Pete Yorn: Growing up, I was into Britpop and other bands from England, but I was also getting into Neil Young, Led Zeppelin and the Stones. musicforthemorningafter is a blend of that. When we were making it, I was really into Teenage Fanclub; I was really into Wilco and Son Volt. I could’ve made a straight alt-country album.
Vincent: We’d get the basic track down, and then just really fuck around. We sort of fell in love with the randomness. We’d goof off, then one of us would get serious, and the other would say, “Dude, what are you talking about—that’s the shit.” A lot of the ideas came from us not trying to be cool. It was like, “Rather than fight over an idea, let’s do another idea.”
Pete Yorn: We had a really good groove going, but it was laid back. By June of 1999, we had early versions of “Just Another Girl,” “Life On A Chain,” “Lose You,” “Sense,” “Black” … I remember I just laid down the drums to “Black” and went off that. Walt brings this extra emotional weight with these melodies I wouldn’t normally hear in my head.
Vincent: What got me about Pete was this sensitivity. What really moved me in his songs was what I called “the tug.” That sort of became my go-to word—looking for that brokenhearted, emotional thing. It’s something that’s deep inside Pete, and I wanted to get that out. He’d been used to lumberjack singing onstage with a drum kit behind him. But I was like, “Dude, sing quietly; get right next to the microphone.” I’d adjust his headphone mix so his voice was super loud, and he had no choice but to sing softer if he wanted to hear the track. That brought out a lot of the tug of Pete’s voice, which is why I think people really connect with the record.
Pete Yorn: Working with Walt was such a new process that I was writing songs in the studio on the fly. I was going through a breakup with a longtime girlfriend at the time, and “Lose You” came out of that. Unconsciously, a lot of stuff was pouring out of me.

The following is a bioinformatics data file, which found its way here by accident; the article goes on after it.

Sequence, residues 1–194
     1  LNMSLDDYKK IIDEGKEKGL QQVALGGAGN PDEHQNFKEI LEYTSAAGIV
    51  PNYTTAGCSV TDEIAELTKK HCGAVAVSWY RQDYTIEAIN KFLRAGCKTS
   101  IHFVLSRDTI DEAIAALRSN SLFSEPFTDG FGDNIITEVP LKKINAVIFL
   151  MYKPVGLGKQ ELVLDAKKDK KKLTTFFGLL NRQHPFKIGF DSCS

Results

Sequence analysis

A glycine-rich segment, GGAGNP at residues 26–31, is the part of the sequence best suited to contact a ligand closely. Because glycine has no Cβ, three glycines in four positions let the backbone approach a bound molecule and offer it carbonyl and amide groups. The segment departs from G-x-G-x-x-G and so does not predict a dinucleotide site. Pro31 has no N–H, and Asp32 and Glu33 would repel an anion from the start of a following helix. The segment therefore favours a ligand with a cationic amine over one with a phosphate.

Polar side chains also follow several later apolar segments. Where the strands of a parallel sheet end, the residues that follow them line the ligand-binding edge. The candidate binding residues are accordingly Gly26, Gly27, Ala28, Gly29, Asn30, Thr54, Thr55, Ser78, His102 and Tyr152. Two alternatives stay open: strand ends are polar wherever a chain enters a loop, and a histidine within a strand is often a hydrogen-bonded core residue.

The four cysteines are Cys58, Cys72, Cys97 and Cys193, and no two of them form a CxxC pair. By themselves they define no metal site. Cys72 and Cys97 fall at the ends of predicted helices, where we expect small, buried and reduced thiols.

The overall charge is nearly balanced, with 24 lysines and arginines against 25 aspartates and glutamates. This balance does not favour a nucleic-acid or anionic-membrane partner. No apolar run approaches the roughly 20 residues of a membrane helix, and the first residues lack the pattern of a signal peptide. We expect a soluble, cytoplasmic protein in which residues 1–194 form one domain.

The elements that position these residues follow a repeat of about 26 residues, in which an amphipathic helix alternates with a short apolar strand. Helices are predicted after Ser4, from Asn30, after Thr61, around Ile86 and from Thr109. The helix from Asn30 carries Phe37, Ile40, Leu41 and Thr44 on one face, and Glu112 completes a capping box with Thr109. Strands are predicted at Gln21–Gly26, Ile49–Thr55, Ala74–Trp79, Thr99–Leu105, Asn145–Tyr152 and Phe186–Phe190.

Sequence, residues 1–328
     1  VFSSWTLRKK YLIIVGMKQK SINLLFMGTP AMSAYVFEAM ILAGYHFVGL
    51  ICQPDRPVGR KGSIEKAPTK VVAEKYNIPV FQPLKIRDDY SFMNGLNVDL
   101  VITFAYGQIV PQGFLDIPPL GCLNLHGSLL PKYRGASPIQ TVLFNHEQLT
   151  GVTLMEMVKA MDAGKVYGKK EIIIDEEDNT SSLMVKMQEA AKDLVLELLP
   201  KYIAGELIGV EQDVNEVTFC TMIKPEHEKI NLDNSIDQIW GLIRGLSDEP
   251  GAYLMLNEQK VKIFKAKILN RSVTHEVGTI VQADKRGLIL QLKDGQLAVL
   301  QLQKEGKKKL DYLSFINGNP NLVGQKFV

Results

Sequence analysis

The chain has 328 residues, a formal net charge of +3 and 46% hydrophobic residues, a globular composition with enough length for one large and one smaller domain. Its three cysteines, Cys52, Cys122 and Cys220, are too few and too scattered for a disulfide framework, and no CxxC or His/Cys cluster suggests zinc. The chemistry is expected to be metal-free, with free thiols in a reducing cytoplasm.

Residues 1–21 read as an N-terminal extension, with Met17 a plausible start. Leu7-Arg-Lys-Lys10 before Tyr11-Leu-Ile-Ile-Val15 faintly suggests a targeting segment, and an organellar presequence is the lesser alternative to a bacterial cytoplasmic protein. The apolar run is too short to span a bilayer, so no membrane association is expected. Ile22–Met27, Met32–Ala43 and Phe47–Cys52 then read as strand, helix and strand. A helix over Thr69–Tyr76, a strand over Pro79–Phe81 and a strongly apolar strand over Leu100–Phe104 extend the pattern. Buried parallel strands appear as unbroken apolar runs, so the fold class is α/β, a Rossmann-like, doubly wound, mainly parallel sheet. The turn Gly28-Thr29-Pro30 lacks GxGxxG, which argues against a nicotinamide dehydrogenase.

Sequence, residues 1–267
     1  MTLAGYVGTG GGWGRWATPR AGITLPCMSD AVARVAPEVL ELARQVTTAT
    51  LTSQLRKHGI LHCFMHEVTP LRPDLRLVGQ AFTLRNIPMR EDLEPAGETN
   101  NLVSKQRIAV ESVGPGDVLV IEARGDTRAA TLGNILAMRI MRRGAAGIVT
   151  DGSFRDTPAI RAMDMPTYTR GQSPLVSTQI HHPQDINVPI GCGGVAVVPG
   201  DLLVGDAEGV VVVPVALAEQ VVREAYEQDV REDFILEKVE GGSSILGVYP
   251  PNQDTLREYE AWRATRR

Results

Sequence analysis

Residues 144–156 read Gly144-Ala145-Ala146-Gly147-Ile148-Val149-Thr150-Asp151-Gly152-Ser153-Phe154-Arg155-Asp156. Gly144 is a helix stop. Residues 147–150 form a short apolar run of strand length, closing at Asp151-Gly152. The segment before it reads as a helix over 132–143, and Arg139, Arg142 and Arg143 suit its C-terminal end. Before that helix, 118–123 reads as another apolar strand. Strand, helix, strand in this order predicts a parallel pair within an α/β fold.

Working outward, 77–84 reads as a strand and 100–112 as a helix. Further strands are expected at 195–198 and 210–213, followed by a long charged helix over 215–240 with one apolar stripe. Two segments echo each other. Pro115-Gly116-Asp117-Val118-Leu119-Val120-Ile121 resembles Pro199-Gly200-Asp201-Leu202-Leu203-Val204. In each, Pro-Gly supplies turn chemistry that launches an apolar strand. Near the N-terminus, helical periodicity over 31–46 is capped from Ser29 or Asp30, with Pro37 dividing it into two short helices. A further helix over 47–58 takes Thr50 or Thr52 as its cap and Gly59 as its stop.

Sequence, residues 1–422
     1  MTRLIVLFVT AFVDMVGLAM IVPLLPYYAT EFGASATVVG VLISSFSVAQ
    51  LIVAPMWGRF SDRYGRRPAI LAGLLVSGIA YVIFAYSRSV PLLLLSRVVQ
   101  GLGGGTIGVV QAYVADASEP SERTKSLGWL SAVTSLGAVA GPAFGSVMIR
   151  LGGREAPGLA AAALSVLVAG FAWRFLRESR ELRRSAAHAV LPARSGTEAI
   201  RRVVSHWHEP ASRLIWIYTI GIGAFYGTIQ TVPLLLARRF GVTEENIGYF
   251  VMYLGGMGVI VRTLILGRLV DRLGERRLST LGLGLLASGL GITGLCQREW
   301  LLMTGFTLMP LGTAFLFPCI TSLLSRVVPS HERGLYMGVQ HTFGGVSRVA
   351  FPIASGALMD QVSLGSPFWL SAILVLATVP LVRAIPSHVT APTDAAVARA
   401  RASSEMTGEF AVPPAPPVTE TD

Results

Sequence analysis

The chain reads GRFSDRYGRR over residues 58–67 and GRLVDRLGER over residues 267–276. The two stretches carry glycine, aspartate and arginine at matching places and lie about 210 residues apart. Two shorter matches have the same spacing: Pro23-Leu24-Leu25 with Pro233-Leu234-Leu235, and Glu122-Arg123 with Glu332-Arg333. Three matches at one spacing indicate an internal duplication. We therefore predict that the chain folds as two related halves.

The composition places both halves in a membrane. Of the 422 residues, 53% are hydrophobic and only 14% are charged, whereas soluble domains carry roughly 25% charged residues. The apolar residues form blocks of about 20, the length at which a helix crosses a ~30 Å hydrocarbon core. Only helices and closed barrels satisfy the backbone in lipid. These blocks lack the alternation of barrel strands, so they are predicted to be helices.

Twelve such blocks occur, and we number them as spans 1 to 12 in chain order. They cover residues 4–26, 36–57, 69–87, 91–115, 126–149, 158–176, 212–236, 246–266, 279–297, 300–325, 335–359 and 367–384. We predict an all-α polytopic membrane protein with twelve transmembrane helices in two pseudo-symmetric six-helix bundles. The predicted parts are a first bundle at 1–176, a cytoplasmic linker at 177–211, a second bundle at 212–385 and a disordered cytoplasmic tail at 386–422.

Vincent: Some people at the label didn’t think I existed at all; they thought Pete made up my name so they wouldn’t think he was doing it all by himself—like he was trying to create this mythical producer so they wouldn’t fuck with him.
Pete Yorn: At some point, we finally got a meeting with Columbia Records. I go to see (Columbia president) Donnie Ienner in his office with my guitar, and Donnie’s smoking a cigarette. He’s like, “Play me something.” I play “Murray,” and he goes, “That’s pretty cool; what else you got?” I play “Just Another Girl,” and he’s like, “We’ll let you know. Thanks for coming in.” And that was it. I didn’t hear anything for weeks, and then Donnie’s top A&R guy, Will Botwin, comes out to L.A. to check me out. As fate would have it, I was just over at (producer) Tony Berg’s house, who lived nearby. He showed me this chord on the guitar, and I went home and wrote “Life On A Chain.” Will comes to see me and asks if I have anything new. I play him “Life On A Chain,” and he goes, “All right, let’s do this.”
Vincent: If you listen to “Life On A Chain,” it will swing and not swing at the same time. When I came up with the bass line, we were both busting up, because it had this “go, greased lightning” feel. Then I dug up a sample of some record noise, and I was like, “Now it sounds like the song starts in the ’40s and makes a jump into the 21st century.”
Pete Yorn: I’d been working with some unknown dude in a home studio in the Valley, but I was really confident in the music we were making. I had no illusions that working with a big producer was gonna do anything.